When one friend is down, other friends put their heads together to figure out how they can help.
Such was the case some 30 years ago when a close friend of Frank Mariani’s, owner of Mariani Landscape in Lake Bluff, had a daughter who suffered from Osteogenesis Imperfecta (OI), a genetic bone disorder characterized by fragile bones that break easily.
“When we first learned about this disease, we didn’t know anything about it,” explains Mariani. “It’s incredibly rare … little is known about it in the medical world. A group of us decided to form the Children’s Brittle Bone Foundation to see if we could raise money for research.”
The mission of the Children’s Brittle Bone Foundation (CBBF) is to provide funds for research into the causes, diagnosis, treatment, prevention, and eventual cure for OI, while supporting the programs that improve the quality of life for people afflicted with OI by awareness of the disease and educating the public. Through annual golf outings and other fundraisers, the CBBF has raised more than $6 million since it was founded in 1990. Additionally, this organization has testified in front of government panels and was critical in getting the National Institute of Health to provide a five-year research stipend of $12.5 million into a cure for OI. The CBBF is an entirely volunteer-based organization, allowing them to direct 100 percent of their proceeds to the OI community.
Mariani is currently in his second stint as board president. “The work our board is doing was important enough for me to agree to be our president again,” he explains. “I feel blessed to be part of anything that makes the lives of the people suffering from OI even just a little bit better. The people we set out to help in the beginning continue to inspire me.”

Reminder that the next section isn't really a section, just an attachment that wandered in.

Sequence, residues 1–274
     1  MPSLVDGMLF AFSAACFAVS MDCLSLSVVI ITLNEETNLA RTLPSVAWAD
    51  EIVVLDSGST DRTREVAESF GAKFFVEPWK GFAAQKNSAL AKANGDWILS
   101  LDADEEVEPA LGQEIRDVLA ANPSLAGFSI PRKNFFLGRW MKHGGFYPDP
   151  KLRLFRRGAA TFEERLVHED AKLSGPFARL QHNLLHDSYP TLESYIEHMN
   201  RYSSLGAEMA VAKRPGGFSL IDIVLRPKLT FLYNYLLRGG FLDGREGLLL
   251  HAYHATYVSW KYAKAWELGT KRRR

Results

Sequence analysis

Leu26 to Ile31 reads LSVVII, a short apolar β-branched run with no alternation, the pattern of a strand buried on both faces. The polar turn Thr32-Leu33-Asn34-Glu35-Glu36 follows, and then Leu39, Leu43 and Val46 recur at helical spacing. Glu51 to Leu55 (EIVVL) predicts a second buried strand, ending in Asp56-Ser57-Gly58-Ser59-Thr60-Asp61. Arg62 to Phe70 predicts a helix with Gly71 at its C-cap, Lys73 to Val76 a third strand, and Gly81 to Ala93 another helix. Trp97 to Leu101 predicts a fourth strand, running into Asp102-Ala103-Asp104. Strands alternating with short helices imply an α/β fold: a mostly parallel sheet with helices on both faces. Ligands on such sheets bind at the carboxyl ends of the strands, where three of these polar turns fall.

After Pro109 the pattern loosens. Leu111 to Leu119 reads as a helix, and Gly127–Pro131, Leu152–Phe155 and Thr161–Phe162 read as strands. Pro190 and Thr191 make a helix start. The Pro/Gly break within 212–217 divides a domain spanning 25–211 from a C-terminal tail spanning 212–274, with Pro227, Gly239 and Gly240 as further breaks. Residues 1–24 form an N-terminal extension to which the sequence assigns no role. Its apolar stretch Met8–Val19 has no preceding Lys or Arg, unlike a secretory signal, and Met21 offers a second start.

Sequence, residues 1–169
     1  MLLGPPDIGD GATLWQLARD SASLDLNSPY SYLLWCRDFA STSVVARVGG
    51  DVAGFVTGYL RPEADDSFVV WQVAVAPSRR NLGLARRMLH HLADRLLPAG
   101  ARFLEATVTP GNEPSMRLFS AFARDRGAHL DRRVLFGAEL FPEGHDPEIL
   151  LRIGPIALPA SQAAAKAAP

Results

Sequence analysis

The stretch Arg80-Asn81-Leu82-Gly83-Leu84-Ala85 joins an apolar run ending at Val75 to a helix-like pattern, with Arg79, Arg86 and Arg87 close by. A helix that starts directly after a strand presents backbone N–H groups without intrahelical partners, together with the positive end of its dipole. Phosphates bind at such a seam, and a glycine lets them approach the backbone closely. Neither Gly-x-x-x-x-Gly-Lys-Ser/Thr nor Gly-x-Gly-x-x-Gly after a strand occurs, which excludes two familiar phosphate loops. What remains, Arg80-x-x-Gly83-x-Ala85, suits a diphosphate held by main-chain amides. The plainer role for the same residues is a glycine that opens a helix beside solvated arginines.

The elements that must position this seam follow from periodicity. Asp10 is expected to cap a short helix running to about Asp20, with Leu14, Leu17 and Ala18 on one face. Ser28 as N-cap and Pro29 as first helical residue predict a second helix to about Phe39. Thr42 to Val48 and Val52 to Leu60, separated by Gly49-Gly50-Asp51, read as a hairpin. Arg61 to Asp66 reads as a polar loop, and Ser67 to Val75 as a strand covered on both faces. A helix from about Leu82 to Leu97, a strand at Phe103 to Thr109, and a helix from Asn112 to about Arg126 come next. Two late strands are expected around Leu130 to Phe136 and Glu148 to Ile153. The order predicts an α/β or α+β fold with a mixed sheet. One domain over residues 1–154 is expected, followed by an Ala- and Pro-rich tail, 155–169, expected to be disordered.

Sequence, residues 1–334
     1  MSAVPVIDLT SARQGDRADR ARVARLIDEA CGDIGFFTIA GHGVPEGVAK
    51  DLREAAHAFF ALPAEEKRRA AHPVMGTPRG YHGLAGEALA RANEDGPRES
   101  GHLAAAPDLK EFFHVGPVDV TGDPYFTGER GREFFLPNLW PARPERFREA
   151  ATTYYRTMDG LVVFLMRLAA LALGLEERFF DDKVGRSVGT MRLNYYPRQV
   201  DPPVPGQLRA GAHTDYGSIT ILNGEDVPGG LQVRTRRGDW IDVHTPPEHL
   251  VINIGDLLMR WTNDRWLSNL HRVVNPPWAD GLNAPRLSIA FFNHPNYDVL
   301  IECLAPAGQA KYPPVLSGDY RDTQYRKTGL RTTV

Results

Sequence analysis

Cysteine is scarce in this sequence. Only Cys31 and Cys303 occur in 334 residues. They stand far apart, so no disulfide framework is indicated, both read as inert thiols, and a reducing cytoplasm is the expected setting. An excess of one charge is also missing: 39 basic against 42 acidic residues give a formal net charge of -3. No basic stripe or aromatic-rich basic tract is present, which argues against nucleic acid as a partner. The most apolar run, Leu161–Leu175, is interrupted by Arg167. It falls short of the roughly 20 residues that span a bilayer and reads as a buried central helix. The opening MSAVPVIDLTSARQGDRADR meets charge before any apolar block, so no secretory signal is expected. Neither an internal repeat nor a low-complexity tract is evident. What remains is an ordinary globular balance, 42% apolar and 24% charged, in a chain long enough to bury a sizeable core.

In addition to funding research, CBBF awards impact grants. The Impact Grant Program, started in 2009, provides things like wheelchairs, ramps, handicap accessible vans, and other necessities to OI patients and their families. Mariani says when most people think of brittle bones they think of arms and legs, but OI also affects teeth and the bones in one’s ear that allow people to hear. Since the program was created, more than $18 million has been raised to fund more than 100 grants.
Mariani says he’s humbled when reading the the thank-you notes CBBF receives daily from the impact grant recipients.
“It’s hard for us to understand how this disease can devastate a family in so many ways,” he says. “We recently got a note thanking us for a car we were able to help a family buy and how this was life-changing for them—for the family to be able to get to the OI treatments but to also be able to enjoy a better life in their community.”
While CBBF is proud of the work that has been done, they realize how much there is left to do. The group can currently only fund about 20 percent of the impact requests they receive. Their hope is to be able to support everyone who reaches out to them for assistance.
This year, CBBF’s largest fundraiser—the annual golf outing—will be held at Northmoor Country Club on Monday, August 5.
“Our golf outing has come a long way from the first one we held 30 years ago,” adds Mariani with a laugh. “Our outing is such an easy way to do good for someone who needs it and have fun in the process. If you’d like to play, I’d suggest signing up today.”
To learn more about CBBF or to purchase your ticket to the golf outing on Monday, August 5, visit cbbf.org.